• (6/19) PhilStock: The Great Taper Caper
  • (6/19) Stanley Young: better p-values through randomization in microarrays
  • (6/22) What do these share in common: m&ms, limbo stick, ovulation, Dale Carnegie? Sat night potpourri*(recently reblogged)
  • (6/26) Why I am not a “dualist” in the sense of Sander Greenland
  • (6/29) Palindrome “contest” contest
  • (6/30) Blog Contents: mid-year

[1] Monthly memory lanes began at the blog’s 3-year anniversary in Sept, 2014.

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Categories: 3-year memory lane, Error Statistics, Statistics | Leave a comment

Allan Birnbaum: Foundations of Probability and Statistics (27 May 1923 – 1 July 1976)

27 May 1923-1 July 1976

27 May 1923-1 July 1976

Today is Allan Birnbaum’s birthday. In honor of his birthday this year, I’m posting the articles in the Synthese volume that was dedicated to his memory in 1977. The editors describe it as their way of  “paying homage to Professor Birnbaum’s penetrating and stimulating work on the foundations of statistics”. I paste a few snippets from the articles by Giere and Birnbaum. If you’re interested in statistical foundations, and are unfamiliar with Birnbaum, here’s a chance to catch up.(Even if you are,you may be unaware of some of these key papers.)

HAPPY BIRTHDAY ALLAN!

Synthese Volume 36, No. 1 Sept 1977: Foundations of Probability and Statistics, Part I

Editorial Introduction:

This special issue of Synthese on the foundations of probability and statistics is dedicated to the memory of Professor Allan Birnbaum. Professor Birnbaum’s essay ‘The Neyman-Pearson Theory as Decision Theory; and as Inference Theory; with a Criticism of the Lindley-Savage Argument for Bayesian Theory’ was received by the editors of Synthese in October, 1975, and a decision was made to publish a special symposium consisting of this paper together with several invited comments and related papers. The sad news about Professor Birnbaum’s death reached us in the summer of 1976, but the editorial project could nevertheless be completed according to the original plan. By publishing this special issue we wish to pay homage to Professor Birnbaum’s penetrating and stimulating work on the foundations of statistics. We are grateful to Professor Ronald Giere who wrote an introductory essay on Professor Birnbaum’s concept of statistical evidence and who compiled a list of Professor Birnbaum’s publications.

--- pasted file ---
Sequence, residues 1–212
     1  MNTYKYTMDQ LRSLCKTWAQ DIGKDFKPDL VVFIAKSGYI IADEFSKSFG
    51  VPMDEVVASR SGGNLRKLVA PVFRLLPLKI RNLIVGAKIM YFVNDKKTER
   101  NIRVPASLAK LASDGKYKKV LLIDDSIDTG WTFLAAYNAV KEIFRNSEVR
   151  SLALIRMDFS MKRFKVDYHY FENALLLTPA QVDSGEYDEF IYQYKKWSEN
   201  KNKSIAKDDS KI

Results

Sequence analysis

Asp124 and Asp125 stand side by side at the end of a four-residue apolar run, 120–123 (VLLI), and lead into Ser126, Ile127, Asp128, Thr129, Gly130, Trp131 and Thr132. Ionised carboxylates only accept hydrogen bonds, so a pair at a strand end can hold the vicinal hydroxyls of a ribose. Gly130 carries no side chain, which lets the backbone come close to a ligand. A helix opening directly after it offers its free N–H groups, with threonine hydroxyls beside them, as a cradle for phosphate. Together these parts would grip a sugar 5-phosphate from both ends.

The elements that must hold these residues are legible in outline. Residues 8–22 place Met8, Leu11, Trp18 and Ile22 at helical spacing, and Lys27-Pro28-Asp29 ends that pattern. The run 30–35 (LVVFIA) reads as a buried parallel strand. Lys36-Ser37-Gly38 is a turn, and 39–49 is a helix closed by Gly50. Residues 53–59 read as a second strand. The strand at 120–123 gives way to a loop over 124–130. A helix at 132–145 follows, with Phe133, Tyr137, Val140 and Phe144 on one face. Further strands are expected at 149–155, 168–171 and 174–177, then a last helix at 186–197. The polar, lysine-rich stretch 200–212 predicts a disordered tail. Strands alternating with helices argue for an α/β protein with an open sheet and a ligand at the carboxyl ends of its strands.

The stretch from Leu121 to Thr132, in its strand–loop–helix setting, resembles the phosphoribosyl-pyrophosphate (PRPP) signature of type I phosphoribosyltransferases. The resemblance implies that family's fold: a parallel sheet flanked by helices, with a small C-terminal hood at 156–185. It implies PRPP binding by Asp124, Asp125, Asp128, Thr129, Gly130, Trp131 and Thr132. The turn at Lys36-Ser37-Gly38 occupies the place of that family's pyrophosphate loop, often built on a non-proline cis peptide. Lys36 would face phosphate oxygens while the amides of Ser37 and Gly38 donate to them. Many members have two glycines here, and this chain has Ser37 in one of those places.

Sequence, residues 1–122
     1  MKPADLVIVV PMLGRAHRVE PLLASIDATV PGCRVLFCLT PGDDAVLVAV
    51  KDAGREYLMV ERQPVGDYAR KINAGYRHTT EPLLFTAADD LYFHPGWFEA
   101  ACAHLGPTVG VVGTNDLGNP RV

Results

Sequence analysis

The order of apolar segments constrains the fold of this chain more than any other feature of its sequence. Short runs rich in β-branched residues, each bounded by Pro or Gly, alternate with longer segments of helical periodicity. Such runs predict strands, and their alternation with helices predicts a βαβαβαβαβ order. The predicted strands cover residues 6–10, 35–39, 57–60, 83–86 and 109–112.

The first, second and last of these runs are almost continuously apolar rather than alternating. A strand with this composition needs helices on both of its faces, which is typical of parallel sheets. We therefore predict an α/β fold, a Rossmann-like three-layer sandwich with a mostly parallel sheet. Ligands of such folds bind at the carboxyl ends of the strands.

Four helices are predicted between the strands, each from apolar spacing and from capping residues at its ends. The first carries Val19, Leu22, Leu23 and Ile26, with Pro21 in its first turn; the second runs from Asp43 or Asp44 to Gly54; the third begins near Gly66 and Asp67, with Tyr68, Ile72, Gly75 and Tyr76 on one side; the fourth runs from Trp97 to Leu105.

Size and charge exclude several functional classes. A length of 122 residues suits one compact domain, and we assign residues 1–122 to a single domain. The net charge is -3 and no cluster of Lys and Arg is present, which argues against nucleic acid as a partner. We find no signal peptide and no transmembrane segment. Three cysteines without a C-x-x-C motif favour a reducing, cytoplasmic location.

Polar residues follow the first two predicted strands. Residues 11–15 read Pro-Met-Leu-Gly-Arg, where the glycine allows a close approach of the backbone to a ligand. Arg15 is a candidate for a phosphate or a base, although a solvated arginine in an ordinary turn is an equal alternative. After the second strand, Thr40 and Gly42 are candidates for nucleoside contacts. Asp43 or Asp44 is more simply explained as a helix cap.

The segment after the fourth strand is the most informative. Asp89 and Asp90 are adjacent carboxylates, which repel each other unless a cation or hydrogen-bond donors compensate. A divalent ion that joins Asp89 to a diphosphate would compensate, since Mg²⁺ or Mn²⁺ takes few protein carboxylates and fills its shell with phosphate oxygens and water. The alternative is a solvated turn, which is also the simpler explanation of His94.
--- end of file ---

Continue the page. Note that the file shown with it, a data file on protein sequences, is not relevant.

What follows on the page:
THE EDITORS

Continue reading

Categories: Birnbaum, Error Statistics, Likelihood Principle, Statistics, strong likelihood principle | 7 Comments

A. Spanos: Talking back to the critics using error statistics

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Given all the recent attention given to kvetching about significance tests, it’s an apt time to reblog Aris Spanos’ overview of the error statistician talking back to the critics [1]. A related paper for your Saturday night reading is Mayo and Spanos (2011).[2] It mixes the error statistical philosophy of science with its philosophy of statistics, introduces severity, and responds to 13 criticisms and howlers.

I’m going to comment on some of the ASA discussion contributions I hadn’t discussed earlier. Please share your thoughts in relation to any of this.

[1]It was first blogged here, as part of our seminar 2 years ago.

[2] For those seeking a bit more balance to the main menu offered in the ASA Statistical Significance Reference list.

 

See also on this blog:

A. Spanos, “Recurring controversies about p-values and confidence intervals revisited

A. Spanos, “Lecture on frequentist hypothesis testing

 

 

Categories: Error Statistics, frequentist/Bayesian, reforming the reformers, statistical tests, Statistics | 72 Comments

Your chance to continue the “due to chance” discussion in roomier quarters